The Kubernetes Project is officially all grown up as it has garnered the distinction of being the first project to graduate from the Cloud Native Computing Foundation’s (CNCF’s) school of hosted projects.
The coronation required the project to meet CNCF’s list of criteria for projects to move from incubation to graduation. This includes demonstration of “thriving” adoption; a documented, structured governance process; and a strong commitment to its community. Incubated projects must also adopt the CNCF code of conduct, define their own governance structure, and establish a steering committee.
“It signals that Kubernetes is mature as an open source project and resilient enough to manage containers at scale across any industry, in companies of all sizes,” explained CNCF COO Chris Aniszczyk, in a statement.
The Kubernetes Project graduation leaves behind 13 incubating projects and two “inception” projects within CNCF.
Kubernetes was the first pet project taken under the wing of CNCF when it formed in mid-2015. The container orchestration platform was donated by Google to CNCF, having emerged from Google’s Borg project.
Kubernetes has rapidly become the open source container orchestrator of choice across the cloud native space. And more recently has garnered traction as an orchestration platform for more diverse settings.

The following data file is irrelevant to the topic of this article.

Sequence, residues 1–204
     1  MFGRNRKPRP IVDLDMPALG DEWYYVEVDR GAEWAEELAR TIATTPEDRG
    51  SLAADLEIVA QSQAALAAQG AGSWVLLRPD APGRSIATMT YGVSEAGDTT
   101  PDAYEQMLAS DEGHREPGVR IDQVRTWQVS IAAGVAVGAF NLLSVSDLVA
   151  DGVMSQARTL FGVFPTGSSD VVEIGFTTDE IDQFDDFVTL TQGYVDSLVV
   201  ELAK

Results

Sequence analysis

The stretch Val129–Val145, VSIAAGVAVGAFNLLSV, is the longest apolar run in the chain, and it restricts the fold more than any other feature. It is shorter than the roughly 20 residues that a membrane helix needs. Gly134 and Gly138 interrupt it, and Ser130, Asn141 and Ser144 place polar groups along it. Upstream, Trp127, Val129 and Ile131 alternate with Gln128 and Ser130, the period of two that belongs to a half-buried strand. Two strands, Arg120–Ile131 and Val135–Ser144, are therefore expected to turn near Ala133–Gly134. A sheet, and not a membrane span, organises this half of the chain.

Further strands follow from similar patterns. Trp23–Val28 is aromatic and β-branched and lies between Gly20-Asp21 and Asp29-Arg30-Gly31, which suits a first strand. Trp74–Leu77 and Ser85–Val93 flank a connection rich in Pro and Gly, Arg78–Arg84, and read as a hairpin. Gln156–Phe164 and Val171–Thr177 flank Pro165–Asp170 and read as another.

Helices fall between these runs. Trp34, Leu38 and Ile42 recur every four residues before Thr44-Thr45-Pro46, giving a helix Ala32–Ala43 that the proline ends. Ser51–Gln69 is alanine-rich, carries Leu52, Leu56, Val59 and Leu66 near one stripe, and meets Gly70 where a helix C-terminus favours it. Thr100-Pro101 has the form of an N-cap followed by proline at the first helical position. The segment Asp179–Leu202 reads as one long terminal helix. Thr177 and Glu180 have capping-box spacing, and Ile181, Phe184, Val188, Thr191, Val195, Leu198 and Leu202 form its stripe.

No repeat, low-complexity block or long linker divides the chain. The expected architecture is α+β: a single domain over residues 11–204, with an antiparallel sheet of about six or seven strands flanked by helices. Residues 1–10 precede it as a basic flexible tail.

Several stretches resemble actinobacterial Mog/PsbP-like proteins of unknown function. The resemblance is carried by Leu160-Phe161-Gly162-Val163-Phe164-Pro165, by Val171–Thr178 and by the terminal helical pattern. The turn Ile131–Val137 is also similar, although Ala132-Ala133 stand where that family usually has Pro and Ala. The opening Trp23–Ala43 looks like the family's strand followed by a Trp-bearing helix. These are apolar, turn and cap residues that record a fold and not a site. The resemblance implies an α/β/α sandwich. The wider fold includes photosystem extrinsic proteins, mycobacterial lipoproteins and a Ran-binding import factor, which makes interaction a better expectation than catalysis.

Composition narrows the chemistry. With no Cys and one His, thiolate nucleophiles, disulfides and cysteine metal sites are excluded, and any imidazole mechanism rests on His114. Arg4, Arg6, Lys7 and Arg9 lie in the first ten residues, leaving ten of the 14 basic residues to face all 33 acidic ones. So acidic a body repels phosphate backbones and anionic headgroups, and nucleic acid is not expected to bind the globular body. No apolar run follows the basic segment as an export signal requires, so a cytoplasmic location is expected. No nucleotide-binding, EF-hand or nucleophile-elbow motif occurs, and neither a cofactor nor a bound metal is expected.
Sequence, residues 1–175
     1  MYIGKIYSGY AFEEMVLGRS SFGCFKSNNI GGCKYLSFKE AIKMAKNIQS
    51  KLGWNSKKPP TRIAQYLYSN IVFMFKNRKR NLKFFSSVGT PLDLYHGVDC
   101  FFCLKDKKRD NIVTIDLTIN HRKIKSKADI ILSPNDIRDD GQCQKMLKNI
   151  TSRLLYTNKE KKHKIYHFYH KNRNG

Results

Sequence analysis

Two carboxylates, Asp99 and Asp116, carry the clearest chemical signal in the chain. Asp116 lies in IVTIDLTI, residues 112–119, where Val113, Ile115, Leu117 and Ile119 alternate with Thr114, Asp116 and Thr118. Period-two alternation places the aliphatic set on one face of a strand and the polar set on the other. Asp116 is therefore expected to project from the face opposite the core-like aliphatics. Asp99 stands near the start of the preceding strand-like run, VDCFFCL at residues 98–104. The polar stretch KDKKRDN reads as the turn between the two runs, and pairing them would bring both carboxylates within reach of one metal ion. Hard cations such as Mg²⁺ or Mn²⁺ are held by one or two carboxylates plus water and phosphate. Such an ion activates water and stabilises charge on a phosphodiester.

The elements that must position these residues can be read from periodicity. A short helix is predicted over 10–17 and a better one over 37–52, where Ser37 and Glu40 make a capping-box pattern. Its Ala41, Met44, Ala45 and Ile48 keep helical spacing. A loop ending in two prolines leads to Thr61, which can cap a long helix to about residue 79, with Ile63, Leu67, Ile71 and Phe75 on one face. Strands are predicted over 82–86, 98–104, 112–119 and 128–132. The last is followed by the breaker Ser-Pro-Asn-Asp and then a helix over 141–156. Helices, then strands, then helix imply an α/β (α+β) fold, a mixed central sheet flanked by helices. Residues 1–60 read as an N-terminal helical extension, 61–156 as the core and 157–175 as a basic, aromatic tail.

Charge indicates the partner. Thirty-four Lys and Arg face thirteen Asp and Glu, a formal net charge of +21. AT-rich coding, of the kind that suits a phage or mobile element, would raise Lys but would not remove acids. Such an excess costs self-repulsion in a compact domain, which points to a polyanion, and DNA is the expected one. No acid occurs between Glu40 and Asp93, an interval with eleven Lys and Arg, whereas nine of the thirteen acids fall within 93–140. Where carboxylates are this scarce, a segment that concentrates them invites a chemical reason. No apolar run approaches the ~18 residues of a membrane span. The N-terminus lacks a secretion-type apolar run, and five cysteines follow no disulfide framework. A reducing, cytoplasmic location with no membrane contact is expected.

The Kubernetes Project currently sits at No. 9 on Github in terms of overall commitments, and No. 2 for authors/issues, trailing only Linux.
A recent Redmonk survey found 71 percent of the Fortune 100 use containers, and more than 50 percent of Fortune 100 companies use Kubernetes as their container orchestration platform. The research firm noted that as of the first quarter of this year, “Kubernetes is arguably the most visible of core infrastructure projects.”
“Kubernetes has gone from curiosity to mainstream acceptance, crossing any number of chasms in the process,” wrote Redmonk co-founder Stephen O’Grady in a blog post. “The project has been successful enough that even companies and projects that have competing container implementation strategies have been compelled to adopt it.”
Release 1.10 on Deck
The Kubernetes Project’s most recent release, 1.9, launched at the end of last year. It marked the fourth release in 2017, and kept the project on a pre-planned schedule of a new release every three months. The project is scheduled to release 1.10 by the end of this month.
As part of the 1.9 release, those involved in the project said the goal was to make future releases more “boring” over time.
“This will in no way reflect a community that is slowing down, but one that is accelerating and empowering the hundreds developers that already work on Kubernetes,” said Eric Chiang, senior engineer at CoreOS, in a blog post. “This process of cutting up repos and designing extensibility points is the next frontier for Kubernetes as a project because it’s essential for users to have the flexibility to build on and extend Kubernetes up the stack.”
That need to make Kubernetes “boring” was echoed by Platform9 CEO Sirish Raghuram, who said that would show greater stability in the platform as well as a base for new innovation.
“These developments highlight the increasing commoditization of the base Kubernetes platform and the need for vendors operating in this space to deliver more useful and interesting capabilities on top — such as serverless on Kubernetes and Istio integration — to truly stand out,” Raghuram said.
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